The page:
1. An art historian needs to be art-proof as bullet-proof. Art is a proof of
human activity and mind in a specific time, place and community. Art history
works the same way as art works above. In addition, art is primarily nothing
more than certain materials assembled in a certain way and embodied with
certain meanings corresponding to a certain culture over time.
2. Sharing knowledge should be regarded as affiliation and prejudice free for a
better and an easier growth and expansion of all disciplines. "Affiliations" can sometimes hinder the progression of an idea or project
and finally of the discipline one serves.
3. Internet is here, in academia, to make our lives much easier. It could also
save you a whole lot of money in travel expenses, when otherwise you should
have to travel miles and miles just to consult only one single leaf in a museum
or library. The Benjamin's aura thing of an artwork is something of utmost
desire and definitely indispensable. But what happens when both time and money
are in shortage? Electronic catalogues, services and applications of museums,
libraries, research centres or institutes can at least compensate you to a
4. All voices (old and new whispers) have the right to be heard, independent or
not, affiliated or not. One bright man had once said that if we wanted to write
the history of a magazine or a journal, we should thoroughly study not only
(the editor and) the published articles but also the ones which hadn't been
that lucky to get published.
5. What happens in case there are no archives near you or one has no access to
any? Re-evaluation of sources and/or methods? What happens if the "End" has
already arrived? But, is there an "End," at all? Would that mean that people
could lose their jobs? A shift in methodology (not in career) seems more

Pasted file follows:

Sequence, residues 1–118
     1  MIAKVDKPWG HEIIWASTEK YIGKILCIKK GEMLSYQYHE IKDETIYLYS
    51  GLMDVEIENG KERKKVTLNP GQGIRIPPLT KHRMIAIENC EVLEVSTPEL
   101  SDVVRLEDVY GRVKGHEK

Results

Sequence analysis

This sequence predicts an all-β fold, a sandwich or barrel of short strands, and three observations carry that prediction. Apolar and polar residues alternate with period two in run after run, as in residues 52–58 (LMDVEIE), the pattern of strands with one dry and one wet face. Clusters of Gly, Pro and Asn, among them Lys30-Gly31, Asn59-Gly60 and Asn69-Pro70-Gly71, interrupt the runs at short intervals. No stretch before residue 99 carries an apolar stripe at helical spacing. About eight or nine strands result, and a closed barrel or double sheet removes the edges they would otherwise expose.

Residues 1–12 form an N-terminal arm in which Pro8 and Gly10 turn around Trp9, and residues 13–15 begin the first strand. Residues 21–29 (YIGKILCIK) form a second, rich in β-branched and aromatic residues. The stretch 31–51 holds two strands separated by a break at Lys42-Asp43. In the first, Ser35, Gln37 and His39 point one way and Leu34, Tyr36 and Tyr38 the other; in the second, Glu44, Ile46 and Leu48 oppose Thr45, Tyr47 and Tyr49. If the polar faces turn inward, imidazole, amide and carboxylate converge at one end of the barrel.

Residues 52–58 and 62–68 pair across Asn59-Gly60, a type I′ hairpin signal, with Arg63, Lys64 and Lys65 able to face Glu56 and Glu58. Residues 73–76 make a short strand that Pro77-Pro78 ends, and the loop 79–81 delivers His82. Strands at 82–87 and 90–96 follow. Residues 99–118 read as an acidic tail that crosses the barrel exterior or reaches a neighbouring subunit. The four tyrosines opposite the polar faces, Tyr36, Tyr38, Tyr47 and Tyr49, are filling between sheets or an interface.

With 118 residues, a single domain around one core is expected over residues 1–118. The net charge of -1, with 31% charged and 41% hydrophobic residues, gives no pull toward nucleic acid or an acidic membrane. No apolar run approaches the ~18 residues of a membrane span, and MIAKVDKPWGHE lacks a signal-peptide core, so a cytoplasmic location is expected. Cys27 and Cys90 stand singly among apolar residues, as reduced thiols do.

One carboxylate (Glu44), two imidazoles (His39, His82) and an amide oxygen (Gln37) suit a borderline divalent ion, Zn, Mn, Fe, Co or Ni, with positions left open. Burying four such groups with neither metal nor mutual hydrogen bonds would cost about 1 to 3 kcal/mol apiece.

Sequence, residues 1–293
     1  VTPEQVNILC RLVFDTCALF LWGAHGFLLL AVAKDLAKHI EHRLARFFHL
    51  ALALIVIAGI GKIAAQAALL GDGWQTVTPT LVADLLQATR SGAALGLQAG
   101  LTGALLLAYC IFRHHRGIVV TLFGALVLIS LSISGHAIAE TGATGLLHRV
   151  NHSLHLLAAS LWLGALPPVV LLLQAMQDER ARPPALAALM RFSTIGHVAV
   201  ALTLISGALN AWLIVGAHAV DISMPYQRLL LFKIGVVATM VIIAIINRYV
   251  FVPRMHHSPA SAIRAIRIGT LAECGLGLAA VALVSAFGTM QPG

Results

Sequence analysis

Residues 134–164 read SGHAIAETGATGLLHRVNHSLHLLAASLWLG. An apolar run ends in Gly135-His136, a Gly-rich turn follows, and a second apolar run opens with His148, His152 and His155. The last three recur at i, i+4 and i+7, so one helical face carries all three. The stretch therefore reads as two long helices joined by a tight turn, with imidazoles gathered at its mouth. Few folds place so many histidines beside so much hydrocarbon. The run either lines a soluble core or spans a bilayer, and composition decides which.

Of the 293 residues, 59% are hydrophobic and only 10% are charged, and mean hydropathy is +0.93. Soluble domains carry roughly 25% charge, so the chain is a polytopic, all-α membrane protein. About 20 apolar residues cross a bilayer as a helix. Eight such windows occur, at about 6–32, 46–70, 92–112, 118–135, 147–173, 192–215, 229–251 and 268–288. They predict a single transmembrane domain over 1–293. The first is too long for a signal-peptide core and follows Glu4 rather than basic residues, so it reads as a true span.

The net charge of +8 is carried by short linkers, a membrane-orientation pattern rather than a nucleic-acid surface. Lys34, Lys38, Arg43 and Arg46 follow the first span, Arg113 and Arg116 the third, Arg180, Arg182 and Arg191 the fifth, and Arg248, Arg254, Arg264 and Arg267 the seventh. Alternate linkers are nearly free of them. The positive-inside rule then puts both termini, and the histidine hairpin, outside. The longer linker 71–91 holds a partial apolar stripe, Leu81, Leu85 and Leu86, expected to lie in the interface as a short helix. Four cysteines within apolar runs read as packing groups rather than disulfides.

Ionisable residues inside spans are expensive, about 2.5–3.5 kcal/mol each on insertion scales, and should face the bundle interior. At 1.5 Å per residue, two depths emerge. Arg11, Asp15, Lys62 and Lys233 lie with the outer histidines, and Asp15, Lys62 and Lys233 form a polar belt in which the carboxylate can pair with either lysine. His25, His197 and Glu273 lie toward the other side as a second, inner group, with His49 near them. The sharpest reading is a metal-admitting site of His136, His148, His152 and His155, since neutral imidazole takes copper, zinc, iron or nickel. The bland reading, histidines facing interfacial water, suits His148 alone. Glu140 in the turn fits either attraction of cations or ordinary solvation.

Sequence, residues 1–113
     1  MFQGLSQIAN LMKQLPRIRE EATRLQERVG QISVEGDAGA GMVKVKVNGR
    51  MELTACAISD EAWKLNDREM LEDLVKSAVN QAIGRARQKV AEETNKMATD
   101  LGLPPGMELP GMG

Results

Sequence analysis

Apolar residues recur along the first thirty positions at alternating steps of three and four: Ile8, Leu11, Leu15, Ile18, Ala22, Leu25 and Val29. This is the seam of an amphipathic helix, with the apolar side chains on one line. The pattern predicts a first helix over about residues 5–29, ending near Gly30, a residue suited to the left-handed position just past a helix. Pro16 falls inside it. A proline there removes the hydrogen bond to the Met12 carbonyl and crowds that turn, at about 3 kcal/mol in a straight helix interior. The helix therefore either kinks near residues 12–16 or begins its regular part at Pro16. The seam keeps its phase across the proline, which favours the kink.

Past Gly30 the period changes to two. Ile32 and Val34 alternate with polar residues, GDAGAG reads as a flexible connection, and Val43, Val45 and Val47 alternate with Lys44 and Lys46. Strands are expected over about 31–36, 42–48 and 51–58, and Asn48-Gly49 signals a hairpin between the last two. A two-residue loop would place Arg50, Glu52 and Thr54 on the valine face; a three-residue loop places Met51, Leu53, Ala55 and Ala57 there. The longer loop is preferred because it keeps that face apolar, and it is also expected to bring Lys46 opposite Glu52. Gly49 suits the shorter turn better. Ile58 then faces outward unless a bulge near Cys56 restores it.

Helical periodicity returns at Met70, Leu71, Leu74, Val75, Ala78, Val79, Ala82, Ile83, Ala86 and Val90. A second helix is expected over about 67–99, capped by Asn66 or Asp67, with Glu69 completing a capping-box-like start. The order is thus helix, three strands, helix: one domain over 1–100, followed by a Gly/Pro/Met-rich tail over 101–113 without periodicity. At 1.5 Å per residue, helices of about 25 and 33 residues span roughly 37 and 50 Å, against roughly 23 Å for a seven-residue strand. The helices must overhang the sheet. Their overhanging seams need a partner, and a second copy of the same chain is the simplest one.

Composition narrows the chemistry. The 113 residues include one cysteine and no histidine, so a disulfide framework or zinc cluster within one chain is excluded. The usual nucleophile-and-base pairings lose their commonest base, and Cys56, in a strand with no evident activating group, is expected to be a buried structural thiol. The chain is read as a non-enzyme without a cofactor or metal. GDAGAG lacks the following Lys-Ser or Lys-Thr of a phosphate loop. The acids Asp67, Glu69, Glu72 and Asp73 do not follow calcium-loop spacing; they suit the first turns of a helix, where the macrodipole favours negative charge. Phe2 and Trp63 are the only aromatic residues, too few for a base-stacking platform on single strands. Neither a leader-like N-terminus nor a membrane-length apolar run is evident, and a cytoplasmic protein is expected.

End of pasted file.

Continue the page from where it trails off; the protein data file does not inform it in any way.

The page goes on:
6. There is no place on earth with just a single art history. More, there is no
art history paper in the globe, which could
possibly represent more than one art history at a time. Further, there is
always a person behind a name; not to mention behind an art history.
7. Art history even could be a collective or personal art history; more it
could certainly be described and clearly defined either as written, with the notion of academic, or as public
or oral art history. Furthermore, once there had been solely history of art,
then it became art history. Art criticism, as genre with no particular form, personal art histories and art
documentaries, among others, are in the spectrum of oral and public art history.
8. And when one has finally approached the way one's contemporary public(s)
approach the different arts, in our case visual, one should try to figure out
why a certain public believe what they believe. More, all the databases formed
in order to accommodate such research projects could prove to be an invaluable
source for the present but also in principal for the future art historian. The
number of voices from upper, lower, working, farming and marginal cultures, for
instance, which could be saved that way, could be astonishing. All user generated content projects are promoted towards this direction.
9. Articles, interviews, letters, working notes and reviews of current books
and exhibitions are eligible to its content. Re-evaluations, re-considerations,
new approaches and new perspectives to art history and theory are strongly
10. In addition, Art History Supplement encourages experimental publications
with a multi/inter-disciplinary character. Such an examination of art is
certainly not something new, but what happens when art history meets religion, linguistics, semiotics, ESL, classical languages and studies, computer science, health and natural sciences, music, film studies, translation studies, museology, and social sciences, among others, or once more the science of history of literature and literature itself?